Russia bigger threat than Isis: UK chief

Russia bigger threat than Isis: UK chief

Russia is “indisputably” a greater security threat to Nato than Islamist extremism, Russia’s new army chief has warned.

Apart from its conventional military threat, Russia was constantly seeking to undermine the west by developing war-fighting capabilities in non-conventional areas such as cyber and space, General Mark Carleton-Smith said.

In his first interview since being appointed chief of the general staff in June, the 54-year-old said complacency must be avoided. 

“Russia today indisputably represents a far greater threat to our national security than Islamic extremist threats such as al-Qaeda and Isil,” he told the Daily Telegraph. 

“Russia has demonstrated that it is prepared to use military force to secure and expand its own national interests. The Russians seek to exploit vulnerability and weakness wherever they detect it,” said Carleton-Smith, who graduated from Britain’s Sandhurst military academy in the final years of the Cold War.

“Russia has embarked on a systematic effort to explore and exploit western vulnerabilities, particularly in some of the non-traditional areas of cyber, space, undersea warfare,” the former SAS commander added.

Carleton-Smith led the search for Osama bin Laden following the September 11 terror attacks and was key in Britain’s role in the campaign to combat so-called Islamic State in Iraq and Syria.

“We cannot be complacent about the threat Russia poses or leave it uncontested. The most important conventional military response to Russia is the continued capabilities and coherence of the Nato alliance.” 

He recently visited British troops in Estonia in the new Baltic and Polish deployment to secure Nato’s eastern flank.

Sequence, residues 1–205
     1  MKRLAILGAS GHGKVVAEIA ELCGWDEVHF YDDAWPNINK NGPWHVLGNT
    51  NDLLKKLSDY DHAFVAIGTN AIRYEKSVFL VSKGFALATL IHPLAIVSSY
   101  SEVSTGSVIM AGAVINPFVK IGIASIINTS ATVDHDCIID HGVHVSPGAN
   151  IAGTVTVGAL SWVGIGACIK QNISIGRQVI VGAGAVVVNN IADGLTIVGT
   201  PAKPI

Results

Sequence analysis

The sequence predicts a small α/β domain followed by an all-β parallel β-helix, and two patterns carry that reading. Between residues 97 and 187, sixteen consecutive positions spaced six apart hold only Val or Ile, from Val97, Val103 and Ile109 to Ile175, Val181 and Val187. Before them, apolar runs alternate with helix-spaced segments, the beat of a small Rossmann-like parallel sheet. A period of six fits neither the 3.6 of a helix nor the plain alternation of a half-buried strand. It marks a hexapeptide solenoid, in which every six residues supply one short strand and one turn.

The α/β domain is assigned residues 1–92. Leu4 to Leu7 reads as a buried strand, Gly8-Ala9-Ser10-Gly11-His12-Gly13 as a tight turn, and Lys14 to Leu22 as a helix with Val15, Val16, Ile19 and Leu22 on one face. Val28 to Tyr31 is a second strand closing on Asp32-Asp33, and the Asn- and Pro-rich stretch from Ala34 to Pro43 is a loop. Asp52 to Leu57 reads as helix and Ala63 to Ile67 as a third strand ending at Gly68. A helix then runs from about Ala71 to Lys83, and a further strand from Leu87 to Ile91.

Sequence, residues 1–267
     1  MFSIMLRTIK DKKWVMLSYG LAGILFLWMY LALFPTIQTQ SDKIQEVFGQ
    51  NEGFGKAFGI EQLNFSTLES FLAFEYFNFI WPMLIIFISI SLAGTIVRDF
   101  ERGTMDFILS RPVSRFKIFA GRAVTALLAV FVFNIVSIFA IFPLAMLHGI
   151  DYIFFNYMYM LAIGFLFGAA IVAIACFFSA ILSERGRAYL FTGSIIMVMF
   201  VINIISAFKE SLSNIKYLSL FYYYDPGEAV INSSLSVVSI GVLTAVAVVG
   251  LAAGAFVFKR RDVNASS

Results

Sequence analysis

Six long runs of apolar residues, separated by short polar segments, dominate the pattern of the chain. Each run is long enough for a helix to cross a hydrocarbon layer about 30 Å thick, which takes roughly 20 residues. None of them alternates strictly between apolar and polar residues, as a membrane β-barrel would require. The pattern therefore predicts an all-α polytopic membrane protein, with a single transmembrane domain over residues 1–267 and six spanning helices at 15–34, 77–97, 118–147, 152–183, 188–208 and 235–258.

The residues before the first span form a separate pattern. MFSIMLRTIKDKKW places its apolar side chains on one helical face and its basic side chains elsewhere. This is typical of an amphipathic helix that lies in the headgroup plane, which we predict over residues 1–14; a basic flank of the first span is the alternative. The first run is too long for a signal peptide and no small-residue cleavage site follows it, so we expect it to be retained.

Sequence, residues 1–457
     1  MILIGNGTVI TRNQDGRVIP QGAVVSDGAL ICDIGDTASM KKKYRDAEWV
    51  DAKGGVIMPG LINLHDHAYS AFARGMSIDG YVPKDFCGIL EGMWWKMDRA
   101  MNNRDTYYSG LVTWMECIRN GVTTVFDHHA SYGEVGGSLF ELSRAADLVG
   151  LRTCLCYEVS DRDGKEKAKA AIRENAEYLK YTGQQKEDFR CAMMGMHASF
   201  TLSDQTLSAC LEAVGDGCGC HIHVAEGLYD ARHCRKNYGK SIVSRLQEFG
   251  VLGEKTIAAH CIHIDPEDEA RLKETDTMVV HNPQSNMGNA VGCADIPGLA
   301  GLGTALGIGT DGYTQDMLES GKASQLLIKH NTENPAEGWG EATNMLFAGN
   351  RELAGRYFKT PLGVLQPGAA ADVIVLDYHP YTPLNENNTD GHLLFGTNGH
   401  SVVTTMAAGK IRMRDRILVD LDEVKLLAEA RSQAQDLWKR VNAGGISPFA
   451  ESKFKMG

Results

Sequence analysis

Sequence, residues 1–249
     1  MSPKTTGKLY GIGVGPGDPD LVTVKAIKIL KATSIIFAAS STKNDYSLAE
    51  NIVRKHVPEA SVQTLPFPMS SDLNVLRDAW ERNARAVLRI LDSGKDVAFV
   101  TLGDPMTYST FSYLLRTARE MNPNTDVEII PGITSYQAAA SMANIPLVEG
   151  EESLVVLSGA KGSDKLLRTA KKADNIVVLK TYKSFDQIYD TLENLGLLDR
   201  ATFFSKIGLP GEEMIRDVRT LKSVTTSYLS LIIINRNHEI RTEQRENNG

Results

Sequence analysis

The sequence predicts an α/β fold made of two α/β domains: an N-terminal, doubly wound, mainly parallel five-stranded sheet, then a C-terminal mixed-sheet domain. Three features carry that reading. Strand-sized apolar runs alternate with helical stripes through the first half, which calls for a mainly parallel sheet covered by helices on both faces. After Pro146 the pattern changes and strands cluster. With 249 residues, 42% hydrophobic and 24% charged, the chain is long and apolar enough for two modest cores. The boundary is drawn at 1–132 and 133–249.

Russia has accused London of Russophobia, misleading the international community and UK citizens with “disgusting anti-Russian hysteria”.


This week Moscow published legislation aimed at stopping leaks of personal information from state agencies, following the publication of details of Russians allegedly involved in spying abroad.

The communications ministry’s bill outlaws unauthorised people from using databases of personal data drawn from official sources.

It says state agencies consult with the Federal Security Service, Russia’s main domestic intelligence agency when handling data.

The communications ministry declined to comment.

The bill makes no mention of the repeated leaks about Russian spies.

Russia was embarrassed by leaks about two men Britain alleges were intelligence agents who used a nerve agent to poison former spy Sergei Skripal and his daughter.

The alleged assassins said they were tourists visiting Salisbury cathedral.

But Bellingcat, the investigative website, used leaked passport information to identify the pair as officers at Moscow’s GRU military intelligence agency.



Estonian troops in Poland in efforts to shore up Nato’s eastern frontier. Picture credit: Wikimedia 

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